Eleanor Antin poked a peephole in dance history to let herself in as an imaginary ballerina. The noted conceptual artist refines her Zelig-like invention in a lovingly detailed installation of films, photos, text and drawings. In "Loves of a Ballerina," she plays with Ballets Russes lore and the way American choreography distorted that mystique in the 1930s plus such other topics as the immortalization of ballet on film and the point at which dance borrows from the visual arts.
The tremulous, black-and-white films are great fun, with a swan poking itself between the legs of a dippy backstage Prince Siegfried who has an eye for his Odette (Antin), plus such tidbits as a fellow in a tux promenading with an unattainable silhouette of a dancer. Films projected on two sides of a train car each offer a vampy flirtation cut short so that Antin can disappear mysteriously to rendezvous with the fellow in the other compartment.
Black-and-white photographs of Antin in the costumes and poses of imaginary ballets, with texts explaining the circumstances of their creation, have a deliciously sly period flavor. Antin imitates the breathless style of dancers' writing in pages from a Ballets Russes memoir accompanied by quick, reticent sketches that preserve the tensely romantic aura of the era: pensive ballerina, conferring composer and choreographer Diaghilev in his touring car. A suite of chalk-and-ink drawings from Antinova's 25 ballets combine familiar dance steps with gestures and poses snatched from religious art of the 16th and 17th centuries.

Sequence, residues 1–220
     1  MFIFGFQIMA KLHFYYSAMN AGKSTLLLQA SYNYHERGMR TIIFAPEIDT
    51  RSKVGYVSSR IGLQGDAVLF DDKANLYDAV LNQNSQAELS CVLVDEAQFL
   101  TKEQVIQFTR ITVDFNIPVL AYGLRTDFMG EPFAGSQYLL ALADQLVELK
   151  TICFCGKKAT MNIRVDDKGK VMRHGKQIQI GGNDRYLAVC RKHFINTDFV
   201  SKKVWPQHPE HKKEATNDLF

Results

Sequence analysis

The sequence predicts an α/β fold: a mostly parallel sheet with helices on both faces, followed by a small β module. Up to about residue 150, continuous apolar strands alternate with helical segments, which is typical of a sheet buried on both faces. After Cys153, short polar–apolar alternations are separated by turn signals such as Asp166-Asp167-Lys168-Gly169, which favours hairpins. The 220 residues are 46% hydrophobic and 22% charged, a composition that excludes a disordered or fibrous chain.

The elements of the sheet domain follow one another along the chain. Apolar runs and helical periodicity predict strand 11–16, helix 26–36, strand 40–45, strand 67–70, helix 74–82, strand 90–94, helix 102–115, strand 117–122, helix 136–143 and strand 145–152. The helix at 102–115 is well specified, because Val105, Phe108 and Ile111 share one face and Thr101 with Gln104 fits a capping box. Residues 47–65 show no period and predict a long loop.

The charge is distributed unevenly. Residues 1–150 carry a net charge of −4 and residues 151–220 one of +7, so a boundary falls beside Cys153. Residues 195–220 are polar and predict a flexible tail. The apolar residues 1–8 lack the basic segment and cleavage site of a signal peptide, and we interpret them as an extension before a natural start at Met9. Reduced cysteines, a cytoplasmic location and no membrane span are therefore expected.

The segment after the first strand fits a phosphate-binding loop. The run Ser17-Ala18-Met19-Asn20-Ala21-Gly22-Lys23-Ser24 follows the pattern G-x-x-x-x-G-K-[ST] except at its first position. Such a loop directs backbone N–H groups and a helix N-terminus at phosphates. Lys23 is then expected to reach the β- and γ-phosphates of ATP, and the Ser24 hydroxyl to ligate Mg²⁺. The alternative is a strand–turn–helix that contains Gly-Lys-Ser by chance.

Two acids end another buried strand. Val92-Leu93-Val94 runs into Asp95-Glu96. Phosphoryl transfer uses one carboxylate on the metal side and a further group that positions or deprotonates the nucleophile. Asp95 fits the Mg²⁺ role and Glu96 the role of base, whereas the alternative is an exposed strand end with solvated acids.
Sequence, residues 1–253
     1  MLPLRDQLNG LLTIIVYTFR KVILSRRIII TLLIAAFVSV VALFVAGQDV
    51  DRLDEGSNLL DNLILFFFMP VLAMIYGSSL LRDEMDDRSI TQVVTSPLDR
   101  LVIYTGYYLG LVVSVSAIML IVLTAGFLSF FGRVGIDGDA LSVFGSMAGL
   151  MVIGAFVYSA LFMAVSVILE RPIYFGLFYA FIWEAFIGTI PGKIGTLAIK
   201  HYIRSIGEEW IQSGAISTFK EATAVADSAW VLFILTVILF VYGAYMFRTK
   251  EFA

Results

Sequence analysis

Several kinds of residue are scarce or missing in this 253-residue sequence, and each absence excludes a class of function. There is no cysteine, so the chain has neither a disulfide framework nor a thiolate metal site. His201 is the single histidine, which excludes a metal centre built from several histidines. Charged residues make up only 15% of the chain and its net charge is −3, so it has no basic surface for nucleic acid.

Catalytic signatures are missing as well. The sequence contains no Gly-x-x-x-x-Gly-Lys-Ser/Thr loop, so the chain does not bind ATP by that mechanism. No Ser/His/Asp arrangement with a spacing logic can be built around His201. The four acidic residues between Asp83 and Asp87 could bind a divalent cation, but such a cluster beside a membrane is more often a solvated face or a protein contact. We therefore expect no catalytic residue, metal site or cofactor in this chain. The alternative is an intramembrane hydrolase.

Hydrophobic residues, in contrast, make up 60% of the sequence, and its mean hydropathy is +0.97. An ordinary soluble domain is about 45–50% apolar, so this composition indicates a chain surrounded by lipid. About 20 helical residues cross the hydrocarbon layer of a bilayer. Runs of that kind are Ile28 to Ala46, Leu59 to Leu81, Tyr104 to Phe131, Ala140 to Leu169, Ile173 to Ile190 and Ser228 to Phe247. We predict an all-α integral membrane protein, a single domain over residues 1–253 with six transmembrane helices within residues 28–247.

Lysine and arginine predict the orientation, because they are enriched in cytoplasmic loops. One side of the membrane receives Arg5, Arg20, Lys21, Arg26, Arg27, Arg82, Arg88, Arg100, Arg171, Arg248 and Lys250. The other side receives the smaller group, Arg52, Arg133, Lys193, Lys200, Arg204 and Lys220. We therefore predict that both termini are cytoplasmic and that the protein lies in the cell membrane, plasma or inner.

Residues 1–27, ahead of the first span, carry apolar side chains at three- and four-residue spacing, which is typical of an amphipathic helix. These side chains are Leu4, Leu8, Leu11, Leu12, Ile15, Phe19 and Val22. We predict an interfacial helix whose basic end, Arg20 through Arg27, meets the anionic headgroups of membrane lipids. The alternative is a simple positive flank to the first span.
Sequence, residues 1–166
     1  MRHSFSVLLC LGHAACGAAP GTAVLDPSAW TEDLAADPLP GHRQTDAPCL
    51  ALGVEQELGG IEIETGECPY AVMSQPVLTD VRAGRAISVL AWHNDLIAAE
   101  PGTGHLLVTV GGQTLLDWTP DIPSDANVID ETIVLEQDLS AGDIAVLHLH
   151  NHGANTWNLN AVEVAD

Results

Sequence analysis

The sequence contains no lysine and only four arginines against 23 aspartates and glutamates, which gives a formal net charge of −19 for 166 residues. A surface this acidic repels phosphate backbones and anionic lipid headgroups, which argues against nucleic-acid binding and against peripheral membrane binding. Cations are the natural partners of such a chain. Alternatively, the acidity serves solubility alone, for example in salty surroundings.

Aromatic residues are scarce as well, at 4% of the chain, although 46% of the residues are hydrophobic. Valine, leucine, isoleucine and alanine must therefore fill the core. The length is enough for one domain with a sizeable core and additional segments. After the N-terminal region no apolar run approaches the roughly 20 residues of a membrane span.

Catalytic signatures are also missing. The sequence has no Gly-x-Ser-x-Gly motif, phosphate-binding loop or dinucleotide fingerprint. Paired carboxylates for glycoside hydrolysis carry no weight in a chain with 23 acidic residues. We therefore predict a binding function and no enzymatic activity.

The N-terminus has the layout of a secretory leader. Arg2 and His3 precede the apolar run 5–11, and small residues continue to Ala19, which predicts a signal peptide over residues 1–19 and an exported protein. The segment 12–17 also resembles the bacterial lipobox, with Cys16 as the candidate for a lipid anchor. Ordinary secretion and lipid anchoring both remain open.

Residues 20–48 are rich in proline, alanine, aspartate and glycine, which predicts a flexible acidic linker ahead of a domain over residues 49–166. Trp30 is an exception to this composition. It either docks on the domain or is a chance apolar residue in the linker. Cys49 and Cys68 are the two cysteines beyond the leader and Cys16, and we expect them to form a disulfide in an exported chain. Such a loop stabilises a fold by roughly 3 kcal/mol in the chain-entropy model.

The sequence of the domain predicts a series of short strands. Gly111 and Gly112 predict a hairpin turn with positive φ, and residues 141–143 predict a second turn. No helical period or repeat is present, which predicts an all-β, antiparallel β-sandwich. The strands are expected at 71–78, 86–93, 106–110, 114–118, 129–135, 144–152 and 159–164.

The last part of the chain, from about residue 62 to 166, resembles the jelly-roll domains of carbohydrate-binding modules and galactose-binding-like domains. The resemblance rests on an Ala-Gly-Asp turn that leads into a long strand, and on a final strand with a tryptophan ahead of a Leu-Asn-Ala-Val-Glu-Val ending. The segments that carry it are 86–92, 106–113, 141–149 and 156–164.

The entire production cannily avoids the excesses of parody. Instead, Antin deploys her wit to unveil some of the curious artistic and social assumptions of the cloistered world of earlier 20th-Century dance. (MAG Gallery, 1835 Stanford St., to March 12.)